Children's Health Issues - New Meningococcal Immunization Recommendations
The U.S. Centers for Disease Control and Prevention’s (CDC) Advisory Committee on Immunization Practices has issues new meningococcal immunization recommendations. The recommendations state that young adolescents at the pre-adolescent visit (11-12 years old), adolescents at high school entry (15 years old) and college freshmen living in dormitories should be immunized against meningococcal meningitis. Meningococcal meningitis, a disease caused by bacteria, is a dangerous, potentially fatal bacterial infection. The new recommendations are a change from previous policy. This change is a result of the availability of a new vaccine, Menactra, which is effective for more than eight years. The old vaccine lasted for only three to five years. The new vaccine also prevents people from being carriers of the bacteria; the old vaccine didn’t.
According to the National Meningitis Association (NMA), research shows that adolescents and young adults are at increased risk for meningococcal disease and more likely to die of the disease than younger children or older adults. Adolescents and young adults are at an increased risk of contracting the disease due to certain lifestyle factors, such as crowed living conditions, sharing beverages or utensils, going to bars, active or passive smoking and irregular sleeping patterns.
It is believed that up to 80 percent of meningococcal meningitis cases among adolescents and young adults are potentially vaccine-preventable. Young people should also be made aware of other ways to reduce their risk of contracting the disease, such as not sharing items that touch a person’s mouth like cups, utensils, water bottles and soda cans.
Although rare, the disease is devastating because the early symptoms resemble the flu, making it difficult to recognize. But, unlike the flu, the disease can progress rapidly. Within hours of the initial symptoms, hearing loss, brain damage, limb amputation and even death may result. Symptoms include high fever, headache, stiff neck, confusion, nausea, vomiting and exhaustion. In later stages, a rash may appear. Adolescents and young adults should seek medical attention immediately if they experience unusually sudden or severe symptoms.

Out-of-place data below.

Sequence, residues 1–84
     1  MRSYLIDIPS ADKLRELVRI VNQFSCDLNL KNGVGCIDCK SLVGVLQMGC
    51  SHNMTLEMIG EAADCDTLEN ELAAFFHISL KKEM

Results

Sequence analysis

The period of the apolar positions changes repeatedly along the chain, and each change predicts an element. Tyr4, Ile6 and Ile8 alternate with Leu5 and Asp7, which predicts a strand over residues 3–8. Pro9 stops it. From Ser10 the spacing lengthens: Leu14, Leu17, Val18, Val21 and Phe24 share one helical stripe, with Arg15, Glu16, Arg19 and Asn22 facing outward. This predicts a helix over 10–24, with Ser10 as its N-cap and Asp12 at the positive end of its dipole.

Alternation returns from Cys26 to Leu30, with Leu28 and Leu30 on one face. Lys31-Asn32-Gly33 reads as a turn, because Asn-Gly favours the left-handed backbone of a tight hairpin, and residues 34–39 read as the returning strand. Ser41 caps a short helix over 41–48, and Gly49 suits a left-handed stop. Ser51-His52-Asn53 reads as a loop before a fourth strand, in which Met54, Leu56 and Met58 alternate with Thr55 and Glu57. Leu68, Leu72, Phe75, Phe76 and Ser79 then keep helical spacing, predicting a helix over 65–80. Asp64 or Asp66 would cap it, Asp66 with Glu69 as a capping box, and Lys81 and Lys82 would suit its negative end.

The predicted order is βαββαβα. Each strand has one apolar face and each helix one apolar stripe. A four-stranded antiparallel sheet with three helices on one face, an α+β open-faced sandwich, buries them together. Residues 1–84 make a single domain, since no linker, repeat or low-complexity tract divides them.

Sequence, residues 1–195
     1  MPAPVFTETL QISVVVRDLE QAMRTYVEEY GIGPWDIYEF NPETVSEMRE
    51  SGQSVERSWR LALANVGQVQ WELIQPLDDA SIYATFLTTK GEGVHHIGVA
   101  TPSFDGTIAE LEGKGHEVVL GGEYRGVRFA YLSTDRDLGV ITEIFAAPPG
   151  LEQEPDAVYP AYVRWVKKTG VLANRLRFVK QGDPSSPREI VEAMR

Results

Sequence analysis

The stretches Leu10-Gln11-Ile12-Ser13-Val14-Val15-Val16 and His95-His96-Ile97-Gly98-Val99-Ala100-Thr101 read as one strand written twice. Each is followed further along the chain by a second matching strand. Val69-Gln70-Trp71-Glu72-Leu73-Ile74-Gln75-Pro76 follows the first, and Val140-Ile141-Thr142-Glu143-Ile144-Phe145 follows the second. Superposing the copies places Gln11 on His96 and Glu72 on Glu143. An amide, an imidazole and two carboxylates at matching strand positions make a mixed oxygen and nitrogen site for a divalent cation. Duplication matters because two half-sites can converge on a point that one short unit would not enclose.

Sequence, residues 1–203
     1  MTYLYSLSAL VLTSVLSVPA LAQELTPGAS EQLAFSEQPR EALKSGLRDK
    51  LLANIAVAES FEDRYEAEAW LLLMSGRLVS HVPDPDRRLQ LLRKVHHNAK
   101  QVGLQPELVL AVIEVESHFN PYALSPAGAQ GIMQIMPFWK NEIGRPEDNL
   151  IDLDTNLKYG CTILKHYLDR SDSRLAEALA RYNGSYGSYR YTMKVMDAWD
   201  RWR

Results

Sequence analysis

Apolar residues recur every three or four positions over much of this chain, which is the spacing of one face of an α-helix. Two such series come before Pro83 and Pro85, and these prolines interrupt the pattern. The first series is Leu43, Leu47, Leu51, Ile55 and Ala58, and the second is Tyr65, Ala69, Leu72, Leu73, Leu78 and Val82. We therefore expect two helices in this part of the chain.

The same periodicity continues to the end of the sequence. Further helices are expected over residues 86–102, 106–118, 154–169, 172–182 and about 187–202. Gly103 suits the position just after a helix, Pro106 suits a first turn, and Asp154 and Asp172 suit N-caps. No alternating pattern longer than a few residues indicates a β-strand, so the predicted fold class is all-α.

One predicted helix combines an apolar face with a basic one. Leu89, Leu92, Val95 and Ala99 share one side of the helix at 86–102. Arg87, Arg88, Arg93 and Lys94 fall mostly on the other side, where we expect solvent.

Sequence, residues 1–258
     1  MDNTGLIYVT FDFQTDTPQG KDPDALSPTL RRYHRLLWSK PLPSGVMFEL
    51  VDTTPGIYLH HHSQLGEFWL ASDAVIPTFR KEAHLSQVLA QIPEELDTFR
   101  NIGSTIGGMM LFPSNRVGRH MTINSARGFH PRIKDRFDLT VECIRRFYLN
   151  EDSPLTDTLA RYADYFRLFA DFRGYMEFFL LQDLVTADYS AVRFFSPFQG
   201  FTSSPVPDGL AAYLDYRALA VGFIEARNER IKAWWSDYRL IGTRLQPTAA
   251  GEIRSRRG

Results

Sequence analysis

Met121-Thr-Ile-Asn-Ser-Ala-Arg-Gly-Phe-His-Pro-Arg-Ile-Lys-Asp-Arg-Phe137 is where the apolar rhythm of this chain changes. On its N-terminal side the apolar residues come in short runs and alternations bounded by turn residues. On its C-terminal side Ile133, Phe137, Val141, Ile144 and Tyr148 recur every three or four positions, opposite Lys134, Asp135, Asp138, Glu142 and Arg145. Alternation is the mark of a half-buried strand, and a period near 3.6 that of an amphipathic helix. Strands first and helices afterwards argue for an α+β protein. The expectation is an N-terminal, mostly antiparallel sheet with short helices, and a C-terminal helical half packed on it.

What is Meningitis?
Meningitis is an infection of the fluid of a person’s spinal cord and the fluid that surrounds the brain. Meningitis is usually caused by a viral or bacterial infection. Knowing the difference is important because the severity of illness and the treatment differ. Viral meningitis is generally less severe and resolves without the specific treatment, while bacterial meningitis can be severe and may result in brain damage, hearing loss, or learning disability. For bacterial meningitis, it is also important to know which type of bacteria is causing the disease to determine the best antibiotic to use to prevent spreading and infecting other people.
High fever, headache, and stiff neck are common symptoms of meningitis in anyone over the age of 2 years. These symptoms can develop over several hours or they can take 1 to 2 days. Other symptoms may include nausea, vomiting, discomfort looking into bright lights, confusion and sleepiness. In newborns and small infants symptoms may differ; the infant may only appear slow or inactive, or be irritable, have vomiting or be feeding poorly. As the disease progresses, patients of any age may develop seizures.
Early diagnosis and treatment are very important. When symptoms occur, the patient should see a doctor immediately. The diagnosis is usually made by growing bacterial from a sample of spinal fluid. Identification of the type of bacteria responsible is important for selection of correct antibiotics.
How is Meningitis Treated?
Bacterial meningitis is treated with several effective antibiotics. It is most important that the treatment be started early. Antibiotic treatment of the most common types of bacterial meningitis should reduce the risk of dying to below 15%, although the risk is higher among the elderly.
Is Meningitis Contagious?
Some forms of bacterial meningitis are contagious. The bacteria are spread through the exchange of respiratory and throat secretions (coughing, kissing). Fortunately, the meningitis-causing bacteria are not as contagious as the common cold or the flu, and they are not spread by casual contact or by breathing in the air where a meningitis patient has been.
Sometimes the bacteria that causes meningitis is spread to others who have had close or prolonged contact with meningitis patients. Family members, day-care workers, or anyone with direct contact with a patient’s oral secretions would be considered at increased risk of developing the infection. They should receive antibiotics to prevent them from getting the disease.
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